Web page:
The most realistic 3D-printed portraits we've seen

A pop-up shop in Hamburg, Germany, will let customers get an incredibly lifelike 3D-printed statuette of themselves.

(Credit: Twinkind)

A pop-up shop in Hamburg, Germany, will let customers get an incredibly lifelike 3D-printed statuette of themselves.

Who doesn't want their very own Mini-Me? It seems that getting yourself immortalised through the medium of 3D printing is the new black, from Pez dispensers to chocolate to Stormtroopers. Then there was a company in Japan, Omote 3D, creating little statuettes from 3D scans — only to now be beaten in the realism stakes by a company from Germany.

Twinkind, operating out of Hamburg, has a temporary pop-up studio where people can wander in, get themselves scanned and order statuettes of themselves in multiple sizes.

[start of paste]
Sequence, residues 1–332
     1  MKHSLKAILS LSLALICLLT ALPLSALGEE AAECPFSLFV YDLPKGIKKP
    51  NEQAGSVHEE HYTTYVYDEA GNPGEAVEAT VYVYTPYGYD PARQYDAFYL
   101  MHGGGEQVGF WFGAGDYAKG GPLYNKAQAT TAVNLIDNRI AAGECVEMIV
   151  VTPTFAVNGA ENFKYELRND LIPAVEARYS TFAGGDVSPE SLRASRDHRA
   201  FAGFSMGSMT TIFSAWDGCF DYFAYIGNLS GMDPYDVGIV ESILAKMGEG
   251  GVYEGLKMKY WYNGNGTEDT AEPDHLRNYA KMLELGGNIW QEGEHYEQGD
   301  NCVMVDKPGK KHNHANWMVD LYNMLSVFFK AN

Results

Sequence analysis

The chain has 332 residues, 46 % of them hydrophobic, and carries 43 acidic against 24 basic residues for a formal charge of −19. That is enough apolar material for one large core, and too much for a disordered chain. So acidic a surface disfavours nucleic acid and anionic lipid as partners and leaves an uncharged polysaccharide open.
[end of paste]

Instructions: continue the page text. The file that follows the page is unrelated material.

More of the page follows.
The company doesn't detail the exact technology used, but the scanning, it claimed, happens "in the blink of an eye" using a set-up of scanners similar to a bullet-time camera array. This speed means you can also get prints of your pets.

(Credit: Twinkind)

This scan is then processed by the team and 3D printed. "The latest state-of-the-art colour 3D printing technology is used to bring your digital sculpture back into the real world," the Twinkind website stated. "Voxel by voxel, layer by layer, the three-dimensional portrait grows into the (almost) final product as if by magic."

Most likely, the team uses a ZCorp "sandstone" printer, which uses a fine powder as a printing medium. As the layers are laid down, inkjet technology sets them with a bonding agent, which can be mixed with colour for a full-colour printed object. These printers aren't really for the consumer market, though; for the lowest-end model, you're looking at around US$15,000.

That's probably why getting a Twinkind portrait isn't exactly cheap. The smallest model, 15 centimetres tall, costs €225 — around AU$313 at the time of writing — all the way up to €1290 for 35 centimetres (around AU$1800). However, the service is limited only to people who can visit the physical location in Hamburg.

(Credit: Twinkind)


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